Online Privacy: Check Yourself (Before You Wreck Yourself)

Online Privacy: Check Yourself (Before You Wreck Yourself)

Online privacy is at worst an illusion, and at best harder to come by than ever–and it’s making headlines every day. Facebook’s under fire for everything from its labyrinth of confusing privacy settings to apparently banning users who want to share. Google inadvertently collected data transmitted on open Wi-Fi networks its Street View cars drove by. People search engines like Spokeo make your photo, salary, and home address accessible at the press of a button. Privacy breaches (or just obfuscated settings) are all too common among Web applications of all stripes, so the savvy surfer has to know how to safely navigate. In an online world where personalization rules, there are two main ways to protect your personal data: Be vigilant about what you publish online; and be willing to roll up your sleeves and dig into the settings area of the tools and services you use to do so.

Does it pass the spouse/boss/client/date/stalker litmus test? It may seem like only your friends will see that photo of you passed out on the kitchen floor in adult diapers on Halloween night, but when you upload it you’re taking the risk of sharing it with the world. The safest way to interact online is under the assumption that everything you put in will come out–on the original site as well as in search results and on partner Web sites. Stop and do an extra gut check before you post that status update, photo, or comment, because once it’s out there, it can be impossible to take it back. With aggregators, advertising partnerships, search engines, and an explosion in standards and ways for different Web services to share data, that one piece of content has legs–and show up in places you’d never expect, even if you delete it in the first place you put it.

Lean on the “Log Out” button. The best way to ensure Web sites aren’t collecting information about you based on a particular identity is to log out of services like Facebook or Google when you visit other Web sites (or even clear your cookies when you do). Facebook’s current partnerships with sites like IMDB and Yelp means those apps have access to your Facebook data if you stay signed into Facebook when you visit them. Google associates Web search keywords with your Google account if you’re signed in when you do them. Get into the habit of logging out when you’re not using a particular service.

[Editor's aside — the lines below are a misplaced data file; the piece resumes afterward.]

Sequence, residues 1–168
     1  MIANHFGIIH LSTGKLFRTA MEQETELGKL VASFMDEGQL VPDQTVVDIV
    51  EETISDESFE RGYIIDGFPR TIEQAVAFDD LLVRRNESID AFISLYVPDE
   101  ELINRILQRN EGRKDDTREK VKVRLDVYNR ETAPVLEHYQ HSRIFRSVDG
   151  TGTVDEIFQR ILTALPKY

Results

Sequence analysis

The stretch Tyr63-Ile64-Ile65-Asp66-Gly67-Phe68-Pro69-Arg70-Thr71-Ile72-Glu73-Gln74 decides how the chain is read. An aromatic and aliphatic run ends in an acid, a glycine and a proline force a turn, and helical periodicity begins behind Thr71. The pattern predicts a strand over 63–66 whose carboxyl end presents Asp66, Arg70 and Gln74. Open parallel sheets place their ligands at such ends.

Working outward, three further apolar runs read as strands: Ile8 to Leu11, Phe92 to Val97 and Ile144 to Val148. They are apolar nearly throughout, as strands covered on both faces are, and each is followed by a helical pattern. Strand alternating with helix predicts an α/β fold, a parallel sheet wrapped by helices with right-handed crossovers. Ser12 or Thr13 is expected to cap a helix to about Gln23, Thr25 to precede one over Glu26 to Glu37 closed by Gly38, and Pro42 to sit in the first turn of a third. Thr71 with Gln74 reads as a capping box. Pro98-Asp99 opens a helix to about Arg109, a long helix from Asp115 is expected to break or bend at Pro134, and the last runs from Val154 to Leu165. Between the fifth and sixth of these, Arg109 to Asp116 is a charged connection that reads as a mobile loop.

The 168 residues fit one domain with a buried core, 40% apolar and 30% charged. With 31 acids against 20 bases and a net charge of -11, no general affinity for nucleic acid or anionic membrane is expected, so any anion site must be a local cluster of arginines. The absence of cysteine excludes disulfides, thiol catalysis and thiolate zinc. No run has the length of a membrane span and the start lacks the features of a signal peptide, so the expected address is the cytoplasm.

Audit your most used web service settings. Facebook’s privacy settings include over 170 options. Take the time to audit them, and make sure you’re in control of what’s shared and how. Your Google Account Dashboard lists all the services and data associated with your Google account–take a look to manage your privacy settings for each. For a real eye-opener, check out your Google Web Search History (and consider disabling tracking if you don’t like what you see).

Firefox private browsing

Go incognito. When you do want to surf the Web without leaving tracks behind on your computer, you can–to an extent. All the major browsers (like Firefox and Chrome) offer “private browsing” modes, which, when enabled, don’t save text entered into web forms, automatically delete cookies and Web history entries, and won’t list any files you download in your history lists. Keep in mind private browsing mode doesn’t mean that Web sites don’t have access to your IP address (and general location) and that they don’t save information you enter on them–they do. However, incognito mode prevents cookies from getting associated with other sites you’ve surfed online.

Good habits, a healthy dose of paranoia, and a willingness to dig through a Web site and your browser’s settings panels are the best tools in your online privacy arsenal. How do you protect your personal details online? Let us know in the comments (now new and improved, try it!).


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